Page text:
(At the end of Reading Lolita in Tehran, the author presents a suggested reading list. I have just begun to read it—the first up was the surprisingly refreshing The Prime of Miss Jean Brodie.)

Nafisi threads the lives of these girls throughout the book, and the girls share their joys and sorrows with the reading group. During one poignant scene a woman returns from her fiancé’s betrayal. She was supposed to leave Iran and was going to marry a young man who was studying in England. She walks freely in western clothes without her veil and feels light and expansive on their dates. But then the boy breaks up with her—was he a coward for not wanting a “non-traditional” Iranian wife?

The question of identity and how to behave is constantly being addressed in this book. As a western woman, I feel that I have a lot of choices but my choices are not as deliberate and consequential as the ones that these Iranian women have to make. Will they go to school where their handbags are searched at a checkpoint for a tube of lipstick? Will they look a man in the eyes even though that in itself could be cause for punishment? And, most pressing for this particular group of women, will they leave the country for a more “free life?”  And, maybe most excruciating of all: What does it truly mean to be free? This is an existential question that is raised in the book, but resonates exponentially.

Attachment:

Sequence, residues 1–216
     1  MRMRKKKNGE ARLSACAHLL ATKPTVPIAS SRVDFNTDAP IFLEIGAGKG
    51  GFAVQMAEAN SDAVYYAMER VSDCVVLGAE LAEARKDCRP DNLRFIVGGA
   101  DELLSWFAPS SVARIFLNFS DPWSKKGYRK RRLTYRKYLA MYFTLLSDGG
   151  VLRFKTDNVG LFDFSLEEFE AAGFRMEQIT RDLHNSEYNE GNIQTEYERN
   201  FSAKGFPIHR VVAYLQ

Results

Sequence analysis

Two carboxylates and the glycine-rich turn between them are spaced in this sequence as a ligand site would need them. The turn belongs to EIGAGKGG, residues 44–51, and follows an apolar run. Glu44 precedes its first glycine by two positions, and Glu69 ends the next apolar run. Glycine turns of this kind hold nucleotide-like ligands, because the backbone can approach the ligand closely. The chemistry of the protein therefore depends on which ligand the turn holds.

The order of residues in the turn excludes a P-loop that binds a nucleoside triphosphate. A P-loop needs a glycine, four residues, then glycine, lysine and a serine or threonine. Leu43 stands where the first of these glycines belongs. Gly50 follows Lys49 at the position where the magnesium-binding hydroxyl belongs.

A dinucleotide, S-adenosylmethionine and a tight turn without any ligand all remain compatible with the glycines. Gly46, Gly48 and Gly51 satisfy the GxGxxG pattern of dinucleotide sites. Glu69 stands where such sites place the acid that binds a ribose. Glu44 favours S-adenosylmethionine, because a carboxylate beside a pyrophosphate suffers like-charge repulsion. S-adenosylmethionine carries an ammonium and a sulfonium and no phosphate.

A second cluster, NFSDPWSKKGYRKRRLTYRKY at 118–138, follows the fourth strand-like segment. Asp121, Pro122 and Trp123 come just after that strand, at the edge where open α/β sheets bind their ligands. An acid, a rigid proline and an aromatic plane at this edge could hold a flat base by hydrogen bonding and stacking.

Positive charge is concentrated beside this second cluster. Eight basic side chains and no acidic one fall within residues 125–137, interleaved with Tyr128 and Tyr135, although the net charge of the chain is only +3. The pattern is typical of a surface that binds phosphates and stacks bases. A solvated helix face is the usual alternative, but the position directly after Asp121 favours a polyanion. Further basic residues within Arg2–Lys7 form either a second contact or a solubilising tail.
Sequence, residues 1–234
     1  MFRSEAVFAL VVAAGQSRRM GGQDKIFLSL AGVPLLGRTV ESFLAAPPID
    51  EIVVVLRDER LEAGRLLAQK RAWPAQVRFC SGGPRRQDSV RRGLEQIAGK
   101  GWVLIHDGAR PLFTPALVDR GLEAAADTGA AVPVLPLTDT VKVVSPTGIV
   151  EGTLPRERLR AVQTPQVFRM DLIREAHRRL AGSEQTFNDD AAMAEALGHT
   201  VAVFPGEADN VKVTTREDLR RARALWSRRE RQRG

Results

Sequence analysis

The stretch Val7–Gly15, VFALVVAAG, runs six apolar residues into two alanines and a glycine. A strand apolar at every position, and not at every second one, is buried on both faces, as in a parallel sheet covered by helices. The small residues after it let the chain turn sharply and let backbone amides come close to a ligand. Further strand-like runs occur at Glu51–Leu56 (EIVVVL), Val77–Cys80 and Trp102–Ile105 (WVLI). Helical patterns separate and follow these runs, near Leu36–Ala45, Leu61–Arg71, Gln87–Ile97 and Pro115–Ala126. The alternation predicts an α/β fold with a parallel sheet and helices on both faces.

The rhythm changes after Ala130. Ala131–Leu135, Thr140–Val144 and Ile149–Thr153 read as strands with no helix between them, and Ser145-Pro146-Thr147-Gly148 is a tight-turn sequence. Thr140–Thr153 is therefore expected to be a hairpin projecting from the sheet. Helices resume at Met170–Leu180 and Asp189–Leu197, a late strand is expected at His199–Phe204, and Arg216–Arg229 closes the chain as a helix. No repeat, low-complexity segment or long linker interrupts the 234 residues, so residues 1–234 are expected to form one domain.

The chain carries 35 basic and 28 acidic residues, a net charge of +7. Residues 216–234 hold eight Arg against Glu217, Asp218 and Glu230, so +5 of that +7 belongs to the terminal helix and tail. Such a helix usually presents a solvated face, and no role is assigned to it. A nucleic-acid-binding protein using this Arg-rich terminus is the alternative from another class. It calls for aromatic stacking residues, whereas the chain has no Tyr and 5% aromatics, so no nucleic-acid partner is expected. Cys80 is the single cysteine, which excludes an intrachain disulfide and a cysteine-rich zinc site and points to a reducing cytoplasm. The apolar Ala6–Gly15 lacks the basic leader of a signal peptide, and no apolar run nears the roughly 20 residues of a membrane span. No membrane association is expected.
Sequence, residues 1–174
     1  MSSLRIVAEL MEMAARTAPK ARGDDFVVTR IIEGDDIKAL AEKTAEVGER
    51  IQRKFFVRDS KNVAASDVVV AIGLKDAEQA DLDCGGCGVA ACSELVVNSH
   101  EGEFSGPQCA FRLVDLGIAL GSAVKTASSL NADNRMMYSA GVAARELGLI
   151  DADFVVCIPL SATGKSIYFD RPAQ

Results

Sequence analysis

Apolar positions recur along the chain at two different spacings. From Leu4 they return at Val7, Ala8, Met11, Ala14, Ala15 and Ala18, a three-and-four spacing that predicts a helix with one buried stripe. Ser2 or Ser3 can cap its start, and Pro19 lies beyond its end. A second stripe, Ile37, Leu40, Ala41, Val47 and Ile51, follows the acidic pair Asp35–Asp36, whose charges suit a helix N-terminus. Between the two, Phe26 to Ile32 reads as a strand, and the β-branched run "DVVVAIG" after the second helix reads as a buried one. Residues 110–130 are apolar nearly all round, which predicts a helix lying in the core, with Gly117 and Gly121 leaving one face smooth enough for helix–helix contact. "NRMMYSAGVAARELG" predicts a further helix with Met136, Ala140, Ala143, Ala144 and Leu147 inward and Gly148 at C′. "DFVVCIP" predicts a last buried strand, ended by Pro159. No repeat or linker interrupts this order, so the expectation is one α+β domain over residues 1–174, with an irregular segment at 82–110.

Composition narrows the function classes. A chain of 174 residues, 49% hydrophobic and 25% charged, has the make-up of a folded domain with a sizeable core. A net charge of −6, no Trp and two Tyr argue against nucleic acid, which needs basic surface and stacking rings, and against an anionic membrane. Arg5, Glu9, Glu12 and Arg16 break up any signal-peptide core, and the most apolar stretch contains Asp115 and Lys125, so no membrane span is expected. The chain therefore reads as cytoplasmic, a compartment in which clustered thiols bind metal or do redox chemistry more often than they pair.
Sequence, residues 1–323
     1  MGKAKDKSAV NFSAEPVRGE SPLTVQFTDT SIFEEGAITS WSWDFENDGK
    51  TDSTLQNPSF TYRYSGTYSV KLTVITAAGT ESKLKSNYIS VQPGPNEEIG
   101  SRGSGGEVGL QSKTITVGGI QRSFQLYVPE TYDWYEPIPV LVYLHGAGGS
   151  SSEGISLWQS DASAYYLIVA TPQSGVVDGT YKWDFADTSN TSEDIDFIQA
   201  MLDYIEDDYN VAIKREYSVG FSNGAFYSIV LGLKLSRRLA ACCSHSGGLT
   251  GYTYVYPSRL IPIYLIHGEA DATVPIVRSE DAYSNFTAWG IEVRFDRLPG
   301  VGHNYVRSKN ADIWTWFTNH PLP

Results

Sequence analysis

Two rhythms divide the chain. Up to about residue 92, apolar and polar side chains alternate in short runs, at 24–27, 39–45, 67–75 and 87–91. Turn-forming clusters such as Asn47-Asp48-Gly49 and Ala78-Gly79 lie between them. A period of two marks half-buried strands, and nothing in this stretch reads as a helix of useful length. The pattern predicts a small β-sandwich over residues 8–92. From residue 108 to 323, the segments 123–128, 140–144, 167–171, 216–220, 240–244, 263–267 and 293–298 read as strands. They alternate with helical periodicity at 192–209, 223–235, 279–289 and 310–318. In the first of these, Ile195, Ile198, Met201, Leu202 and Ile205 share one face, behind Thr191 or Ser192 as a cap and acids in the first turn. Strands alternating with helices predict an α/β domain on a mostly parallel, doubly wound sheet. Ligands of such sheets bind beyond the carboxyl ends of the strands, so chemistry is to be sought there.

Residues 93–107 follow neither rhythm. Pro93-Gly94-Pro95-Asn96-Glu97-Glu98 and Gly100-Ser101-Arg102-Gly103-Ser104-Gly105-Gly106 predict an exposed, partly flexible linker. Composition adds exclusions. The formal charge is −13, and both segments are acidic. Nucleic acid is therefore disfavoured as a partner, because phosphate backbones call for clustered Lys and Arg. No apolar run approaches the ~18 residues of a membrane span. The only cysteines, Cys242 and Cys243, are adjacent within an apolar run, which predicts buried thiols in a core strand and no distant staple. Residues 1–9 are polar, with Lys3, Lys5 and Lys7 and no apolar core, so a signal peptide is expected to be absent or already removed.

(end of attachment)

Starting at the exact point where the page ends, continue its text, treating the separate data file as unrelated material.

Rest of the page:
The author and many of the girls/young women in the book eventually leave Iran—Nafisi for America and John Hopkins and the girls for other foreign lands. The book ends right at that juncture.

Reading Lolita in Tehran now seems timely. Though the book was set in the 1990s and was published in 2003, many of the issues the book raises seem consequential. I’m still reeling from the shock of watching the documentary about Malala Yousafzai, the Pakistani girl who was shot by the Taliban for attending school. I do not want to conflate the two situations, but what Malala faced and what the young women in Reading Lolita in Tehran went through have similarities (though Malala had it worse). Also, just this week, one of NPR’s stories featured a discussion about American women and the veil.

Should non-Muslim women wear it as a form of solidarity? Is the veil an inherently oppressive symbol? Even The New Yorker weighed in with an article about a woman’s complicated relationship with the veil. What all these women seem to agree upon is the importance of education…and how education, and especially books, can strengthen our deepest, truest sense of ourselves.